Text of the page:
Once upon a time, just listening to Fiona Apple made me grit my teeth. This was during the Tidal era, when critics were falling all over themselves to toss palm fronds at Apple’s teenaged feet, and you couldn’t turn on MTV without seeing her cowering in her underwear. It was all a bit much for those of us who aren’t prone to flipping out for sulky adolescent angst, no matter how attractively it’s framed, and so it’s taken me some time to warm up to Fiona.
I still don’t care much for Tidal, and though I realize this puts me in the distinct minority, I don’t care. For my money, When the Pawn: is twice the album its predecessor was; it’s only here that Apple’s melodramatic, overly wordy tendencies begin to balance themselves out against a suitably inventive, tongue-in-cheek musical/melodic landscape.
The man largely responsible for these touches is Jon Brion, and his removal from the official version of Extraordinary Machine has resulted in a sort of good-natured battle between those who prefer the original, leaked Machine to the Mike Elizondo-produced iteration that Sony ultimately released. I’m not going to get into that. For one thing, though we did host the Brion-produced album here awhile back, I haven’t listened to it all; for another, it’s sort of beside the point, and a little unfair to Apple herself. What I will say is this: Once upon a time, Brion’s production work seemed wonderfully fresh and innovative. Play the quirky/baroque card often enough, though, and it gets old. His sensibilities are still uniquely suited to Apple’s talents â€” just listen to the sublime title track (download) for proof â€” but it’s definitely to her credit that she opted for a fresh approach.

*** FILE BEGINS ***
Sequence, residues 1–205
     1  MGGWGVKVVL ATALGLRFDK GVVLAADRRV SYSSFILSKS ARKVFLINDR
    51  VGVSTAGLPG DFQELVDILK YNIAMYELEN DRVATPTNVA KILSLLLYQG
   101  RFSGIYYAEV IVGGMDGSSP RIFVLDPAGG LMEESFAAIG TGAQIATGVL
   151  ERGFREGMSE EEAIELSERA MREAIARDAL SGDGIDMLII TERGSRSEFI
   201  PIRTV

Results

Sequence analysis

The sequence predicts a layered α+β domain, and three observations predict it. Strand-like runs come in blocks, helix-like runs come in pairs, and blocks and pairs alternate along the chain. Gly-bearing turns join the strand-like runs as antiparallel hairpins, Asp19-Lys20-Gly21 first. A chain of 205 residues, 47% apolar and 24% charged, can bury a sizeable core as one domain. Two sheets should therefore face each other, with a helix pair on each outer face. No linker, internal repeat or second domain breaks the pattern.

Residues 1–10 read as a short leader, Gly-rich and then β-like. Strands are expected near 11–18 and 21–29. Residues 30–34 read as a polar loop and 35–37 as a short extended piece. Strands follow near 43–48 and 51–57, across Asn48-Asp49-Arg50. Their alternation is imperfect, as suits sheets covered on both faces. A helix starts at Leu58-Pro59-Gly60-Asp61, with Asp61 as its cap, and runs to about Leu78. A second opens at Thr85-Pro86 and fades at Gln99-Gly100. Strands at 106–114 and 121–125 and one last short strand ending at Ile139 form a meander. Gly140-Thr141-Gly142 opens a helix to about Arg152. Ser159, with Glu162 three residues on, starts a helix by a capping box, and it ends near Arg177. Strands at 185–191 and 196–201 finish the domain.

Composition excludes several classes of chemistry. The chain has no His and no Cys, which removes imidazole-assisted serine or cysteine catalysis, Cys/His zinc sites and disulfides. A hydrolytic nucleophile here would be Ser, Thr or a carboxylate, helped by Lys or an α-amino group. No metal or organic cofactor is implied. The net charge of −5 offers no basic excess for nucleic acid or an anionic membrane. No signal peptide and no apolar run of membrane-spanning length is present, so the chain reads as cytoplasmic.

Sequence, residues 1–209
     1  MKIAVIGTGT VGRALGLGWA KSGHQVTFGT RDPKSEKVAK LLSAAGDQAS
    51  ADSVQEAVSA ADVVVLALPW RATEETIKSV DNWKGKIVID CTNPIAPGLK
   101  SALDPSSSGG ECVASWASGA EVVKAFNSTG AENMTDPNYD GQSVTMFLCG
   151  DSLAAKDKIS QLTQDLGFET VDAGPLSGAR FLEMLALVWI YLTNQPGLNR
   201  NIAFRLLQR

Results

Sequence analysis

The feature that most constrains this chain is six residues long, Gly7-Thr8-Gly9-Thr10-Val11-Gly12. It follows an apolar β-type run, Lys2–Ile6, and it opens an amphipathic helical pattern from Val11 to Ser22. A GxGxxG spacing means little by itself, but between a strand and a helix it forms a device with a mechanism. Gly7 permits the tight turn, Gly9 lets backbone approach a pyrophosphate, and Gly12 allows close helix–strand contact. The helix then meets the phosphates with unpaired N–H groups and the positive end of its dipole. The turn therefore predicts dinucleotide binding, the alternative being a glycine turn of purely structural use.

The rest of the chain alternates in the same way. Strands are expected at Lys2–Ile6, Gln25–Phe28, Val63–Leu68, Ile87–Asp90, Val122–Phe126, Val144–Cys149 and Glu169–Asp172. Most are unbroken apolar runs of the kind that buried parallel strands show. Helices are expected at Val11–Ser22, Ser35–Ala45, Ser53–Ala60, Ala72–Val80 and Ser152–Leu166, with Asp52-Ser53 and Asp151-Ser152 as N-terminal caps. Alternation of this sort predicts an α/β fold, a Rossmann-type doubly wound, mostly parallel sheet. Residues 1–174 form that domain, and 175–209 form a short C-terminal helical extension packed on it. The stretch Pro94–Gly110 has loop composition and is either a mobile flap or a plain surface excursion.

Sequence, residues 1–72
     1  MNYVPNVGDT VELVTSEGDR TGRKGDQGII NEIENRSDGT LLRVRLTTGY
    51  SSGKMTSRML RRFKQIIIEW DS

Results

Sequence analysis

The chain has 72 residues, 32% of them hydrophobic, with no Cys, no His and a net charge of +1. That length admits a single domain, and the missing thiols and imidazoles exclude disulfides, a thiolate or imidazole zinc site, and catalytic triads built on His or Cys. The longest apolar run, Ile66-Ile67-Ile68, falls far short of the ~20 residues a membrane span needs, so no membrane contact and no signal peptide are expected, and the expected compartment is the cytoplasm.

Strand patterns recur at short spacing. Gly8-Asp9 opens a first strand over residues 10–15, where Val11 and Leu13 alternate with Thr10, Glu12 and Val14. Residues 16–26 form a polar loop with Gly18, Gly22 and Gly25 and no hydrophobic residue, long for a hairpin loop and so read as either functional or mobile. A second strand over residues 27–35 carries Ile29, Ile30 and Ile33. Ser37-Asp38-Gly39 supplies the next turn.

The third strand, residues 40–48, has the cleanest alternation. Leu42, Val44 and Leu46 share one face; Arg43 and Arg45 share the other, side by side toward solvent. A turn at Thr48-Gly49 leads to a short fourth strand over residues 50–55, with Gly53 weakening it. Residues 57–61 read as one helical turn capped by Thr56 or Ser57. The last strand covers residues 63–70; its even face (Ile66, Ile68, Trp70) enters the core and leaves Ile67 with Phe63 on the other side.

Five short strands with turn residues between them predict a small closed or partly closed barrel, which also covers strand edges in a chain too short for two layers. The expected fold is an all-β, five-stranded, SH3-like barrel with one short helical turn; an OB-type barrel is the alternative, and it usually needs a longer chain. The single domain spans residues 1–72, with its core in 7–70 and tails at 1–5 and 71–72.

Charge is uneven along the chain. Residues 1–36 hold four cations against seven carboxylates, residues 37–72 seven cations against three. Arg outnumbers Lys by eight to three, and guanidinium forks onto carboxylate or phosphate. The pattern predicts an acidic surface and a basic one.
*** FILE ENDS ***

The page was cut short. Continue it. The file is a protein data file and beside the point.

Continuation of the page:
So, how does Extraordinary Machine hold up on its own? Very well, thank you very much. Despite the change in producers, it really sounds like nothing so much as a logical extension of When the Pawn:, which will come as a disappointment to those who were expecting another quantum leap from Apple. She seems to have found her niche in penning highly literate heartbreak cabaret, and it works quite well, more often than not. She mines effectively the same territory as Aimee Mann, but to far greater effect â€” where Mann is either annoyingly dour or trying too hard to be clever most of the time, Apple effectively uses subtle lyrical and musical touches to keep things playfully bearable. The result is a set of songs that manages to be completely inward-focused without coming across as insular.
It occurs to me that most anyone who’s interested in buying this album has probably already done so, but fuck it â€” this has been sitting in my on-deck circle for weeks, and I’m reviewing it. If you’re still on the fence, grab “Get Him Back” (download) for additional listening pleasure.